A bloody good drink, that is what a Negroni is. Negronis are simple. They only require 3 ingredients: gin, Campari and sweet vermouth. Nothing special I hear you say but, you would be very wrong to think so. The Negroni has been a mainstay on drinks menus for the best part of a century. An Italian classic which is thought to have been invented in Caffe Casoni in Florence in 1919. The story goes that Count Camillo Negroni, asked his bartender Forsco Scarselli, to strengthen his favourite go-to cocktail the Americano, by replacing the soda water with gin. Scarselli agreed, popped an orange peel in instead of a lemon peel and the drink took off from there, became popular in Caffe Casoni and since becoming part of Italian history and culture.
The drink has had somewhat of a resurgence in the last 5-6 years. In my early years of bartending, I was rarely asked for one. The sweeter offerings such as Pornstar and Espresso Martinis were the popular choice around that time. It was only when I moved into Manchester that I was seeing the trend shift towards your more ‘classic’ cocktails.
The first time I tried one was in Edinburgh, at a bar called the Angel’s Share. The bar was part of the same company I was working for at the time and I spent some time between Glasgow and Edinburgh for training courses. One of the lads I was on the course with was drinking Negronis like they were going out of fashion, so I thought, no time like the present, right? I ordered one. It looked amazing, ruby red with a hint of orange edging through, almost a garnet colour. I was blown away and converted to the classics. To me, this is a sign of a great bartender. You can throw your bottles up and down and over your head? Not bothered. You can blow smoke out of your fingertips and into an Old Fashioned? Cool. A great bartender is showing how well they can execute a classic. Fortunately for me, Scott of Angel’s Share smashed it out the park.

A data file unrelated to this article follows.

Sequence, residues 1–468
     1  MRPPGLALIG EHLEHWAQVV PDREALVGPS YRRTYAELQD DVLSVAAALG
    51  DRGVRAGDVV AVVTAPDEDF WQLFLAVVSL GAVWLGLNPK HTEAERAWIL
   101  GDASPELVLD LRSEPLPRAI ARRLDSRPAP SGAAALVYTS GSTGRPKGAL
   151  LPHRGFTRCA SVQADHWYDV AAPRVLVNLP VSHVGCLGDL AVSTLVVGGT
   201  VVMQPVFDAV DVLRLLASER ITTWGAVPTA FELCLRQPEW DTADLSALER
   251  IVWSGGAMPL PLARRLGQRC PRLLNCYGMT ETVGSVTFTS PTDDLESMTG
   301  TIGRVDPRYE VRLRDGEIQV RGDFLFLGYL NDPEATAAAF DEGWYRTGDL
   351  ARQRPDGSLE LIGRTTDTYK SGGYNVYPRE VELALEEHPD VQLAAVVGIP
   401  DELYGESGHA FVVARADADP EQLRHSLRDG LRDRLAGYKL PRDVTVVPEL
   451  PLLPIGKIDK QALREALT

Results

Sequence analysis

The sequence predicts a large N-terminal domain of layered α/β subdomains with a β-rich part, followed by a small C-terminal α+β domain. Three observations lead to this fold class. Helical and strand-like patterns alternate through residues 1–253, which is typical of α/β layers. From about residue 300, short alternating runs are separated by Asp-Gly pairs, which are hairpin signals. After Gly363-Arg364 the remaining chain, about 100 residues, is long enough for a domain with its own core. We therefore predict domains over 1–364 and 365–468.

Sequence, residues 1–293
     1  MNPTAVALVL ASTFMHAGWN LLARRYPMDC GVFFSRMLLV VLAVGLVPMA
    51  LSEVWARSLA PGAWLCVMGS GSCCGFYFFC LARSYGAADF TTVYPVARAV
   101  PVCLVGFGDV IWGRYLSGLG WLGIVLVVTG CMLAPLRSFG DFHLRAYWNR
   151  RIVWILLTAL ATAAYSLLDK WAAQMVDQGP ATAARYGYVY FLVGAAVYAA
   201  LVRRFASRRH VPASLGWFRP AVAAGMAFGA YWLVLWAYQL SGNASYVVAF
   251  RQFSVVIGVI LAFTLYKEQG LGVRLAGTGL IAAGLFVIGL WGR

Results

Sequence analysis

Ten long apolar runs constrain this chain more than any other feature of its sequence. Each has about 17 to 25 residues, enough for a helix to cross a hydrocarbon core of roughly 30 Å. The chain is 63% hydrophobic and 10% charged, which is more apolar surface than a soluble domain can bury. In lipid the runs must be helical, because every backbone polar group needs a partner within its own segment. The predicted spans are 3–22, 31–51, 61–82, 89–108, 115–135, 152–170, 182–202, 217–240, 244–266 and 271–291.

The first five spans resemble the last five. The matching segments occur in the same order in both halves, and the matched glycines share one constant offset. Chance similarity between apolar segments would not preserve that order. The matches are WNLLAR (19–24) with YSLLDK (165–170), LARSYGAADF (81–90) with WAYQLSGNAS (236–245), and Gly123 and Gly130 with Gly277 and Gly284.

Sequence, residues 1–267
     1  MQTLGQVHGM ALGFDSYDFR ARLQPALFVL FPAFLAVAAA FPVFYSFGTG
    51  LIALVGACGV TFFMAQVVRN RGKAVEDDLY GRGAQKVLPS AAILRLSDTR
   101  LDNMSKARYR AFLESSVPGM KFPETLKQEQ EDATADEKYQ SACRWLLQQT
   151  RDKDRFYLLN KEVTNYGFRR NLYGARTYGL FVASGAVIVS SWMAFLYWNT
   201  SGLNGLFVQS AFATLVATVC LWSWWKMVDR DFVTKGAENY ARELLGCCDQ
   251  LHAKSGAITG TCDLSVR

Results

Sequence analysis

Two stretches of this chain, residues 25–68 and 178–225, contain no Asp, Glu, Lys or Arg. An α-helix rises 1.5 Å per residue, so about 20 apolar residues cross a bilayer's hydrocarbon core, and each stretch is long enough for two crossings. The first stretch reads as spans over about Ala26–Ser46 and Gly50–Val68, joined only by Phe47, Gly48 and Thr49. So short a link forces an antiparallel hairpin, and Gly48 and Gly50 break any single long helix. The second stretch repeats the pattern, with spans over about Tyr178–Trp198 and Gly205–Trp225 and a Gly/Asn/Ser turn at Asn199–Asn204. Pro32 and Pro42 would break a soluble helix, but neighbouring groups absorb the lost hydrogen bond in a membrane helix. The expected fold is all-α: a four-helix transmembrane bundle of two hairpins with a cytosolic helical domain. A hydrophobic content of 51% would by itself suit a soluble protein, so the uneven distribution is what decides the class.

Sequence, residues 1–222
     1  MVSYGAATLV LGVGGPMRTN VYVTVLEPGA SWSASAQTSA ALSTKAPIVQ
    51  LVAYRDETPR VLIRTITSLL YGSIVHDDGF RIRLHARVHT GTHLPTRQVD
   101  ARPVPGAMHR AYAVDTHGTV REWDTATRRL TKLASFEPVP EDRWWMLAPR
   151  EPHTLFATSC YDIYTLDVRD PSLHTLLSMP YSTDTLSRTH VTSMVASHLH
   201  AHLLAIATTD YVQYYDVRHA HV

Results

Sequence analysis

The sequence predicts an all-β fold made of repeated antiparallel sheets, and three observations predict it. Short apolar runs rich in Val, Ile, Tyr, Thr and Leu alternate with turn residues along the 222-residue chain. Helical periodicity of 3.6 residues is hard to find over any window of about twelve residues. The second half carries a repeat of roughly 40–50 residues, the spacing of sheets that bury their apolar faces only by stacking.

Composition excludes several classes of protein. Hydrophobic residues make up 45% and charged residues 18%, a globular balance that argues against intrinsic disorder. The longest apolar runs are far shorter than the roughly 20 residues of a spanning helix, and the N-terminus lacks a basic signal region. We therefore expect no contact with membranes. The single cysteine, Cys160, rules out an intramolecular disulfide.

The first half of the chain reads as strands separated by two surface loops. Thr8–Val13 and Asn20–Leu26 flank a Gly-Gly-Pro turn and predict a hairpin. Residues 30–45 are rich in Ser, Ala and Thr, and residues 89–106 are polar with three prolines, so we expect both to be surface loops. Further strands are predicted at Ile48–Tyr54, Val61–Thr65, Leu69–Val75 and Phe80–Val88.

With the popularity of the Negroni not going anywhere soon, we decided to make our own up. On the bar nights, we would offer a different cocktail each week. I had experimented with the Cask Aged Sunshine in an Old Fashioned and a Negroni. Old Fashioned was good but after a team tasting, we found the Spiced Cask Aged suited that recipe more. The Negroni on the other hand had us all bright eyed and bushy tailed.
The mix of the Sunshine Gin, which is packed with raspberries, honey, and vanilla, thrown in an ex-bourbon barrel to create the Cask Aged Sunshine, had given the traditional Negroni a sweeter lift. It works perfectly. You still get the bittersweet taste from the gin and vermouth as is tried and tested, but the raspberry and honey undertones leave you with a smooth and fruity finish, made longer by the strength of the casks. You could call it a hybrid Negroni, I guess. We have bottled this lovely creation up and it is now available along with our main portfolio.
There is not a drink out there much better for a pre big dinner tipple. To be fair, it is just as good after dinner! Bit of ice, orange peel and you are away. A simple mix of three ingredients enjoyed more then ever 100 years later. Salut!